accepting

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ac·cept

 (ăk-sĕpt′)
v. ac·cept·ed, ac·cept·ing, ac·cepts
v.tr.
1.
a. To answer affirmatively: accept an invitation.
b. To agree to take (a duty or responsibility).
2. To receive (something offered), especially with gladness or approval: accepted a glass of water; accepted their contract.
3. To admit to a group, organization, or place: accepted me as a new member of the club.
4.
a. To regard as proper, usual, or right: Such customs are widely accepted.
b. To regard as true; believe in: Scientists have accepted the new theory.
c. To understand as having a specific meaning.
5. To endure resignedly or patiently: accept one's fate.
6. To be able to hold (something applied or inserted): This wood will not accept oil paints.
7. To receive officially: accept the committee's report.
8. To consent to pay, as by a signed agreement.
9. To take payment in the form of: a store that does not accept checks.
10. Medicine To receive (a transplanted organ or tissue) without immunological rejection.
v.intr.
To receive something, especially with favor. Often used with of.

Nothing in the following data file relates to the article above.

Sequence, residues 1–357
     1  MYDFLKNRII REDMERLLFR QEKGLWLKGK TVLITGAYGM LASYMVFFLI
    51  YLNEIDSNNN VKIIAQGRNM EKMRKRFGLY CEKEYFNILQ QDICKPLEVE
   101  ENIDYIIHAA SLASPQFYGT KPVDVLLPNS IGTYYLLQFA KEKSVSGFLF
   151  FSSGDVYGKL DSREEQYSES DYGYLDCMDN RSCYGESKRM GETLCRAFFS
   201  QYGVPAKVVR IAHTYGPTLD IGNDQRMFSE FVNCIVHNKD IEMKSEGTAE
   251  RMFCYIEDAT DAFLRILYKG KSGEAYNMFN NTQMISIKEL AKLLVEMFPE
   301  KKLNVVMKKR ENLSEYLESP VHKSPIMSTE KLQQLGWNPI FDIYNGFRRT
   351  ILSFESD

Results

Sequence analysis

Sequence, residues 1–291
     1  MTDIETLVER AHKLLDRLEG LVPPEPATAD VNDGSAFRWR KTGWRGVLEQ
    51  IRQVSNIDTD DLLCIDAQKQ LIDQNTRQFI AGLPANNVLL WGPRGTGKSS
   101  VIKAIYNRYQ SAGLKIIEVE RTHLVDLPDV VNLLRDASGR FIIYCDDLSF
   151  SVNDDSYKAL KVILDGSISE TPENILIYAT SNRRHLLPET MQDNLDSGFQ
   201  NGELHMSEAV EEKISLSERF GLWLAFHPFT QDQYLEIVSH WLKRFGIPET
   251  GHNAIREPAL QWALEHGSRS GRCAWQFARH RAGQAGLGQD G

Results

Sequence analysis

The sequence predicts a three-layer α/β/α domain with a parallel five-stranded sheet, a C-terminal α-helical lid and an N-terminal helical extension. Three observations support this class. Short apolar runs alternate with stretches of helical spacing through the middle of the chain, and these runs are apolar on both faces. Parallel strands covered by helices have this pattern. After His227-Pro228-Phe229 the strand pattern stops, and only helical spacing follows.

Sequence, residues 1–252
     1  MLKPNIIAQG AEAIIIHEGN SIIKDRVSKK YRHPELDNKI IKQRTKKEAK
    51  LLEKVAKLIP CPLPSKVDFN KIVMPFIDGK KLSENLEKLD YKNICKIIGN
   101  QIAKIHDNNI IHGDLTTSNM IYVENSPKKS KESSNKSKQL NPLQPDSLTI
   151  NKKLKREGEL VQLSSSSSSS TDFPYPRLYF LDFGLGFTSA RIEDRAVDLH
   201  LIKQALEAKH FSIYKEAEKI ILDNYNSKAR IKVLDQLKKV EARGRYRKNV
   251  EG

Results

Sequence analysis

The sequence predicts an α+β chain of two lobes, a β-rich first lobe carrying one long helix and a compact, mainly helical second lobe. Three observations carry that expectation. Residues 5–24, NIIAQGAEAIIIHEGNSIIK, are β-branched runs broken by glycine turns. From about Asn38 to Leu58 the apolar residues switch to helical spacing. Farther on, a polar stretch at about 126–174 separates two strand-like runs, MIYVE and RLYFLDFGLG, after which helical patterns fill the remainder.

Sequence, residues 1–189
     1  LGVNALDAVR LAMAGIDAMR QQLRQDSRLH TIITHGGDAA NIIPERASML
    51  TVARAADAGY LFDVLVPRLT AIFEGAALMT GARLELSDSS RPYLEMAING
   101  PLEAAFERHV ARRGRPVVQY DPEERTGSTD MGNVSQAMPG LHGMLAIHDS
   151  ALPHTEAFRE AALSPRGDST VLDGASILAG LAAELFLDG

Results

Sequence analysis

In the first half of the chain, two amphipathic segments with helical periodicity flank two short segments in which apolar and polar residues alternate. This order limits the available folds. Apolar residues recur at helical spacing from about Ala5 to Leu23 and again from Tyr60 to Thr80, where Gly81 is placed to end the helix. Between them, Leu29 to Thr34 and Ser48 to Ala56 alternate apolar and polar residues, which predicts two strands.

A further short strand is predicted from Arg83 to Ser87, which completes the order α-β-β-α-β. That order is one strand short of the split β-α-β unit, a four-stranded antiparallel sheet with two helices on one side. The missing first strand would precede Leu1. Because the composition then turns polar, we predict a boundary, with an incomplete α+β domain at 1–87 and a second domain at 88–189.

[Middle English accepten, from Latin acceptāre, frequentative of accipere, to receive : ad-, ad- + capere, to take; see kap- in Indo-European roots.]

ac·cept′er n.
ThesaurusAntonymsRelated WordsSynonymsLegend:
Adj.1.accepting - tolerating without protestaccepting - tolerating without protest; "always more accepting of coaching suggestion than her teammates"; "the atmosphere was judged to be more supporting and accepting"
acceptive - inclined to accept rather than reject; "she was seldom acceptive of my suggestions"
Translations

accepting

adj to be accepting of something/somebodyfür etw/jdn offen or zugänglich sein; (= tolerant)etw/jdm gegenüber tolerant sein
References in periodicals archive ?
Acknowledging this role, the practice and profession of policy analysis has evolved, from one explicitly positivistic and rational to one that more critically and acceptingly embraces the relationship between policy analysis and its political contexts and processes.
in this book he studies himself as he has studied others: compassionately, unblinkingly, intelligently, acceptingly and honestly.
Tylor has acceptingly defined culture as "That complex whole, which includes knowledge, belief, art, morals, law, custom and any other capabilities and habit acquired by man as a member of society".
That phrase had special meaning for both of us who embraced so acceptingly the notion that time really was much more malleable than most would admit.